Grave of Robert L. Ripley
Believe it or not, this is the final resting place of the man who created the Odditorium.
Thanks to the tourist attraction Odditoriums that bear his name scattered across North America, Robert L. Ripley has become a household name that conjures images of oddities from all over the globe.
Born in Santa Rosa, California, in 1890 LeRoy Robert Ripley was a self-taught artist who began his career at 16 years old as a sports cartoonist for several local newspapers. His talent for comics would eventually be the pathway to his “Believe It or Not” fame.
Ripley moved to New York in 1913 to write and draw for the New York Globe with a panel titled “Champs and Chumps.” It originally featured sports-related facts, but gradually Ripley started to include more and more items unrelated to sports. Eventually the title was changed to “Believe It or Not.”
One of Ripley’s notable panels, published on November 3, 1929, is sometimes credited as paving the way for “The Star-Spangled Banner” to become the national anthem of the United States of America. Though it was commonly accepted that the lyrics and tune were the national anthem, Congress had not officially officially made it so. After Ripley’s feature brought attention to the technicality, which inspired other public figures to share their opinion on the matter. The song was made the official anthem of the United States on March 3, 1931.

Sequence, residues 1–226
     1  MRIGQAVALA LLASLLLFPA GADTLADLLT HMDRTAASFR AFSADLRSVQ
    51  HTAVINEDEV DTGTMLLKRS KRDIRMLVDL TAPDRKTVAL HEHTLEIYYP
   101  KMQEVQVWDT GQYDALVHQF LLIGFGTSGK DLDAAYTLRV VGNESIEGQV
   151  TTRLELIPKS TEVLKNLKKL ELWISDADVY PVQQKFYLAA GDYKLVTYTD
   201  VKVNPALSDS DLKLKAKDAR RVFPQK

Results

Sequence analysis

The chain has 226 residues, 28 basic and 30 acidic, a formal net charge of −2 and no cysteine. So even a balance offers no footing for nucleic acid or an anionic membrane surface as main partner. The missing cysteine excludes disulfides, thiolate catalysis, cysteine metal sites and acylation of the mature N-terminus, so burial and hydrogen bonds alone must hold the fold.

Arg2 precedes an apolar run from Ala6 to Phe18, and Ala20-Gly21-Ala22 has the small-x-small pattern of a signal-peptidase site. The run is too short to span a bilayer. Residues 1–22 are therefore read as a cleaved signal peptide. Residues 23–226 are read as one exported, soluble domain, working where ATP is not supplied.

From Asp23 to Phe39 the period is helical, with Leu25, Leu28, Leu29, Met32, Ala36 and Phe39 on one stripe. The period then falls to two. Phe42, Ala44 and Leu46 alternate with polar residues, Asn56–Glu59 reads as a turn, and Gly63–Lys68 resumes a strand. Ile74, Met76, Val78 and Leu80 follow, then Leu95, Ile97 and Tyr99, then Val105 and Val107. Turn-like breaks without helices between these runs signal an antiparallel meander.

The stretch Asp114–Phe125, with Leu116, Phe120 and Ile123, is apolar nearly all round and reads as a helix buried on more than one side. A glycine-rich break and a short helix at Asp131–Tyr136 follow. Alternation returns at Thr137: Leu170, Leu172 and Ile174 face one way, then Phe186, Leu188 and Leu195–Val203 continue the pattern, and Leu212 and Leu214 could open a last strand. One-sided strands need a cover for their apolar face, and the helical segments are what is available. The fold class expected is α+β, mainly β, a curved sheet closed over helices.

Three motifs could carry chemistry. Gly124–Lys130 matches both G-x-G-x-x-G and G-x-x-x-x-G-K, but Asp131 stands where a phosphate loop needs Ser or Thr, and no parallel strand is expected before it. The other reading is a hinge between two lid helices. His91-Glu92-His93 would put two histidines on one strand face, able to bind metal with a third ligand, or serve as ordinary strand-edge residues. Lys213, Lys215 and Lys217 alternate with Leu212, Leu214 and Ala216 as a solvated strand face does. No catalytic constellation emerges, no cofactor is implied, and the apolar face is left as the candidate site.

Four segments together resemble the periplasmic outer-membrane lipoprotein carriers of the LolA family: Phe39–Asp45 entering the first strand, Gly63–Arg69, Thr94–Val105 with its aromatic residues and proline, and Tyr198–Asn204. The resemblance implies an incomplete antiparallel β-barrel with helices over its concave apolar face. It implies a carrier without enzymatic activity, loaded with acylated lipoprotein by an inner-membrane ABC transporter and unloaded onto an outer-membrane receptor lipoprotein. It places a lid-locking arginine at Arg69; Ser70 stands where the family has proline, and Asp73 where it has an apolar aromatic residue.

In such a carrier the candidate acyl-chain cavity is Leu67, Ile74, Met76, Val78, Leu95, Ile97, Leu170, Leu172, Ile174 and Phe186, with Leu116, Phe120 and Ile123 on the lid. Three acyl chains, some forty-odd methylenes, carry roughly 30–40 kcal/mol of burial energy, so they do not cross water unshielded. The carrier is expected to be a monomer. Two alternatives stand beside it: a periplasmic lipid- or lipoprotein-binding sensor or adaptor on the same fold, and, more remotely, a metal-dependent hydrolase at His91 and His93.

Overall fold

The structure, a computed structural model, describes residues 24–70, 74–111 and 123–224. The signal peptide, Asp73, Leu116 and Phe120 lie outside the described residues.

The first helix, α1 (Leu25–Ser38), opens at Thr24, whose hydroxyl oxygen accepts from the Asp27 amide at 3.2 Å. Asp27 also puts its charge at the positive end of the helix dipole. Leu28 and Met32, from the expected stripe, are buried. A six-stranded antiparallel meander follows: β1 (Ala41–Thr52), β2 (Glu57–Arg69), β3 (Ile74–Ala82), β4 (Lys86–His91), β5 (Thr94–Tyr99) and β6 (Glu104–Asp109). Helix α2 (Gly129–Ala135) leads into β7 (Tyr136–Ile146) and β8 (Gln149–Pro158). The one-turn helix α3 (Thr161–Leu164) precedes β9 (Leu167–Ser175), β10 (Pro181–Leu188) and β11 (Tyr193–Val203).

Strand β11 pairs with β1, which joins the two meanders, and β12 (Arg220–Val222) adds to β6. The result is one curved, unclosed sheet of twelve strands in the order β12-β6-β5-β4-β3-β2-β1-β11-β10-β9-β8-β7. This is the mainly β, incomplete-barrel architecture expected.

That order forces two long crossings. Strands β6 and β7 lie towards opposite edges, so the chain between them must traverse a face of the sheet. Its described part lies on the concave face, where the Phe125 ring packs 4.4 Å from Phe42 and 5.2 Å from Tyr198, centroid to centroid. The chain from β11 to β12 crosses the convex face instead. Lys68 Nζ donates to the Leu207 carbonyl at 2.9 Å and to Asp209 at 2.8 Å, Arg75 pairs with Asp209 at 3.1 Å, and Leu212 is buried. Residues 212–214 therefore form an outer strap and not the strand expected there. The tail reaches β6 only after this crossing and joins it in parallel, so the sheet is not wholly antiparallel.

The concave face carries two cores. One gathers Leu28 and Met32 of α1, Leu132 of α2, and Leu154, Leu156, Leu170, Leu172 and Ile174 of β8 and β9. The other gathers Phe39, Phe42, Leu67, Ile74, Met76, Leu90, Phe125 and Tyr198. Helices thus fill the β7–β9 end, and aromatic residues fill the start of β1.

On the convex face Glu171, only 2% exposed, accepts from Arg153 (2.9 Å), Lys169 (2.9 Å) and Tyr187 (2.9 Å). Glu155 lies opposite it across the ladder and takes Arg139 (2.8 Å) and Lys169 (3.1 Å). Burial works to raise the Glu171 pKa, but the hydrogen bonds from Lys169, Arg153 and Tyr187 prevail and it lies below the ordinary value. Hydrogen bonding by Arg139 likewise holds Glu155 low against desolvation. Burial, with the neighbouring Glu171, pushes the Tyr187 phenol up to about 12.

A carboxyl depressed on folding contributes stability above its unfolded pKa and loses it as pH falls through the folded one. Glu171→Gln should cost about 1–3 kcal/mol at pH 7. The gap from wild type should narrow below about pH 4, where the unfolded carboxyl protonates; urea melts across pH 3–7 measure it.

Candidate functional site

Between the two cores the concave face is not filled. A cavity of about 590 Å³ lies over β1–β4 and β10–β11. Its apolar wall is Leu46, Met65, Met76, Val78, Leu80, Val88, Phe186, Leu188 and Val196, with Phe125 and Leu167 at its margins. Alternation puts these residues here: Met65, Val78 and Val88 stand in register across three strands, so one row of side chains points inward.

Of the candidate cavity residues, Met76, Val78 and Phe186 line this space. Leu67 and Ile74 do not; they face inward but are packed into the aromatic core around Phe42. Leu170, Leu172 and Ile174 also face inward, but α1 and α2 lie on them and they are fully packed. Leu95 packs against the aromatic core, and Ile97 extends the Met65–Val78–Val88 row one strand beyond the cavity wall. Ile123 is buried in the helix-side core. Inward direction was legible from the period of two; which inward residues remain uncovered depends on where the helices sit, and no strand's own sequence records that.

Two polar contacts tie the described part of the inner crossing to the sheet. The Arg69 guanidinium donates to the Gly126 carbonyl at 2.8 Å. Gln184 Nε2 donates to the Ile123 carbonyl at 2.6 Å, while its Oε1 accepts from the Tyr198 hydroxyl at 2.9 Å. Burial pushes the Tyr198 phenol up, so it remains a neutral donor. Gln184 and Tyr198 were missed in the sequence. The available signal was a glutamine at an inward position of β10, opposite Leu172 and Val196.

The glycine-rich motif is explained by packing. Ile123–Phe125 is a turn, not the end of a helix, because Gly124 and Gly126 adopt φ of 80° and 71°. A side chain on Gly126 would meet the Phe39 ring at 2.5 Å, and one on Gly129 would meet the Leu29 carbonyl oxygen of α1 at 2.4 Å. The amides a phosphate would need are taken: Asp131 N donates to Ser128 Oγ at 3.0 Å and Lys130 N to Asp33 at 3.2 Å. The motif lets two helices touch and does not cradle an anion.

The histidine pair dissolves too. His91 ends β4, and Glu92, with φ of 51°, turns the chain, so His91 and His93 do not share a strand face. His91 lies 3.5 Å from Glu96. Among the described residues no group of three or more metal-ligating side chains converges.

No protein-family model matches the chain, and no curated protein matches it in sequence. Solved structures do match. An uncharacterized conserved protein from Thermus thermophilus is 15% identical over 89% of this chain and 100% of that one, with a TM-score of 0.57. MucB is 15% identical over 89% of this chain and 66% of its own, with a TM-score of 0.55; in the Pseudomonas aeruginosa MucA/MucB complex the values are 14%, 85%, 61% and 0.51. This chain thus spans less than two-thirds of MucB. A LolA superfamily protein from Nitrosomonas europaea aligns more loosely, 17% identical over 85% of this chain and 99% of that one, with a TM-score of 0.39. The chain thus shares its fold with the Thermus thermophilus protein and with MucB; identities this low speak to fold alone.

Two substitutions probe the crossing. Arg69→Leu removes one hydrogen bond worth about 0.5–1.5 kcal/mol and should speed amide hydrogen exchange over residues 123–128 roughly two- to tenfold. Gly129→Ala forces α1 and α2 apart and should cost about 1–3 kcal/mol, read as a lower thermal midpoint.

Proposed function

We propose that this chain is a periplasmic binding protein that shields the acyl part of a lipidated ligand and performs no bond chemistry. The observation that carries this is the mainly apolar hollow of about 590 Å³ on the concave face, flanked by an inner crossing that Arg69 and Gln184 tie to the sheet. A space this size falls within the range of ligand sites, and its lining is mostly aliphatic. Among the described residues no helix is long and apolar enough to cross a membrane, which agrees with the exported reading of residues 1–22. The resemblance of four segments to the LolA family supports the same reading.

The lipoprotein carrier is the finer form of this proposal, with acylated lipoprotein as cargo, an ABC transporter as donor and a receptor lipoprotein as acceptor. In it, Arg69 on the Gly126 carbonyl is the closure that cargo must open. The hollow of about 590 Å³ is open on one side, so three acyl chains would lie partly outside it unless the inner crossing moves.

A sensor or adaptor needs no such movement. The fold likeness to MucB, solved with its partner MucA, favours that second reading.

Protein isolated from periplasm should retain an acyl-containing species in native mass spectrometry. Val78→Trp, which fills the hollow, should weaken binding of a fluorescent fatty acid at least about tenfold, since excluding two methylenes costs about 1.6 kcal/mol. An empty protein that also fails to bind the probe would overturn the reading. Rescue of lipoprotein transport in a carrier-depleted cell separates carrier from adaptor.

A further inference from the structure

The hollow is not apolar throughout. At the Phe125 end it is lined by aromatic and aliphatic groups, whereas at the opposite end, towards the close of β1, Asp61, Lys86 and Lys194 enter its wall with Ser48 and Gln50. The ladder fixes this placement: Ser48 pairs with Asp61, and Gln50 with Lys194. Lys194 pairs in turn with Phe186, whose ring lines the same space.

As the feature grew more and more popular with readers, it grew from being an occasional weekly feature to an almost daily publication that was published by a variety of newspapers from all over North America. At the height of its popularity it was estimated that “Believe It or Not” was being read by daily by 80 million people. Ripley expanded his empire with a radio show of the same name as the comic, several short films, and the establishment of the famed “Odditoriums” showcasing the humorous, exotic, and unusual things Ripley had found and learned during his travels. Eventually Ripley hoped to expand to television as well, but his plans for a program were cut short by his health issues.
On May 27, 1949, Robert Ripley succumbed to a heart attack at the age of 59. He is buried alongside his parents in his hometown, leaving by a legacy of delighting in the bizarre.
Know Before You Go
Ripley's grave is located in the Santa Rose Memorial Park, which encompasses the Odd Fellows Lot Cemetery and the Odd Fellows Lawn Cemetery. Ripley is buried in the LOT section, the older section with the more obvious headstones, but his resting place is closer to the newer Lawn section of the park as opposed to the adjacent Santa Rosa Rural Cemetery.
Please note the memorial park is still an active cemetery/burial site so remember to be respectful and stay on all marked paths.
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